As editor of CNikky.com I have to see a lot of movies throughout the year for interviews, reviews etc. I all honesty, Lincoln was one of the best films of 2012! Steven Spielsberg captured the story of President Lincoln in a way that made us understand, why he was one of the most beloved Presidents in American history. Daniel Day Lewis will definitely get an Oscar nomination for his inspiring performance. He captured the layers and complexities of a President, father, husband, storyteller and leader so well, that you forgot he was acting and believed Honest Abe had been brought back to life. Every American should see this story of our history, The movie focuses on the last year of his life, the ending of the Civil War and the passing of the 13th Amendment (which ended slavery). Watch the trailer below and read an outstanding review from Nola.com.
As evidence, one needs only watch Steven Spielberg‘s magnificent — and magnificently timed — “Lincoln,” an Oscar-ready historical masterpiece that does double duty as a history lesson and as a reminder of the paralytic limitations of a house divided.
Yes, our 16th president belongs to the ages in the sense that is he’s an iconic, larger-than-life figure. But “Lincoln” builds a convincing case that there’s much more to it than that. Honest Abe belongs to the ages in that his wisdom, his conviction and his notable legacy live on as strongly today as the day he died in 1865 — and that we, as a nation currently crippled by a particularly ugly strain of partisanship, can still learn valuable lessons from him.
And then there’s Daniel Day-Lewis‘ lead performance, part of an astonishing transformation in which Day-Lewis doesn’t just portray the president but becomes him, exuding an unshakable credibility from the film’s very first frame. It’s a role for which Day-Lewis prepared for a full year, and it was time well-spent. I predict that it will bring him his third Oscar on Feb. 24.
His portrayal isn’t just a portrait of a speech-giver. Rather, it’s an intimate look at Lincoln as a person — a husband, a father, a man — rather than the caricature we so often get. (Particularly affecting is a scene in which Lincoln approaches his sleeping son by the fire, pushes the scattered toy soldiers out of the way, then unfolds his lanky frame and lays down beside the boy before kissing him gently. It’s pure filmmaking invention, sure — but enormously effective.)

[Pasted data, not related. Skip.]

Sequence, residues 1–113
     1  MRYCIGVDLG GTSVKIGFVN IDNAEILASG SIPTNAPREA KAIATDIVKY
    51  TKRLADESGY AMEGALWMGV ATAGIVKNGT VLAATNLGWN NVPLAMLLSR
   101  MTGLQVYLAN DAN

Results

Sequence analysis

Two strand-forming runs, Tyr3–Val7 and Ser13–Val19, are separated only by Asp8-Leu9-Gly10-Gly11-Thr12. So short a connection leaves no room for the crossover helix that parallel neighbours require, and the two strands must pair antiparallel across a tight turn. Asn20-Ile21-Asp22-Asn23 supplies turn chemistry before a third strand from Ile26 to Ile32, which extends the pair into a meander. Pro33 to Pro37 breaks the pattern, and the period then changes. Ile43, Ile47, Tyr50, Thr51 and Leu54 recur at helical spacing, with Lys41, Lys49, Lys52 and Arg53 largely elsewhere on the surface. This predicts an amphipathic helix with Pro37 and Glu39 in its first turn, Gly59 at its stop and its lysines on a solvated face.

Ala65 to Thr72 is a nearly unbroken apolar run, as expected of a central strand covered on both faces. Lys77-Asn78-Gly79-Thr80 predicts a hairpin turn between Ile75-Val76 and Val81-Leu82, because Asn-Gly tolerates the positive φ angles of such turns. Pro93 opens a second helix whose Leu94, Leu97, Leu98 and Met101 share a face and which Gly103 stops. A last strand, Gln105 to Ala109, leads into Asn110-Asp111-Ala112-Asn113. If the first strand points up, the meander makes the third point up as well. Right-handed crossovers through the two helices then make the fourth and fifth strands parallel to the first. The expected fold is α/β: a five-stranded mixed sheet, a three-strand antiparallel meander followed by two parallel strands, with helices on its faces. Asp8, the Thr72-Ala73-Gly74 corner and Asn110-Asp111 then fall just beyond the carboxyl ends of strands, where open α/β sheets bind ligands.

Day-Lewis is so good that it makes it easy to overlook the strength of his supporting cast, from Sally Field as Mary Todd Lincoln, to Tommy Lee Jones as the abrasive abolitionist Thaddeus Stevens to James Spader in a bit of roguish bit of comic relief as one of Lincoln’s shady, “Runaway Jury”-like consensus builders.
Then there’s the wonderful story line, which is unusual in that it focuses on just a narrow slice of Lincoln’s presidency. The meat of the movie — based on a screenplay by Tony Kushner, in turn partly based on historian Doris Kearns Goodwin’s book “Team of Rivals: The Political Genius of Abraham Lincoln” — covers only about a month of time. But what an eventful month it is.
That time is early 1865, a period in which Lincoln struggles to find a way to hasten an end of the Civil War and, at the same time, build enough political support in the House of Representatives to pass the 13th Amendment to the Constitution, abolishing slavery once and for all. That latter task was particularly daunting, as Lincoln faced not only from those in the Democratic Party, but from within his own Republican ranks – and, indeed, from some of those on his own Cabinet.
So he works to build a coalition — through political maneuvering, political ingenuity and outright political bribery — but when Confederate leaders approach him with an offer of peace talks, things are suddenly complicated. If the war ends before the amendment is passed, Lincoln realizes, needed support for it will evaporate.
Snapshot: A historical drama focusing on the political tightrope President Abraham Lincoln had to walk upon as he worked to pass the 13th Amendment abolishing slavery while also bringing about an end to the Civil War.
What works: Well-acted and beautifully directed, it is a masterpiece that does double duty as a history lesson and as a reminder of the paralytic limitations of a house divided.
What doesn’t: It’s dense and talky at times, and, as such, takes a few minutes to warm up.
Starring: Daniel Day-Lewis, Tommy Lee Jones, David Strathairn, Sally Field, James Spader. Director: Steven Spielberg. Rating: PG-13 for an intense scene of war violence, some images of carnage and brief strong language.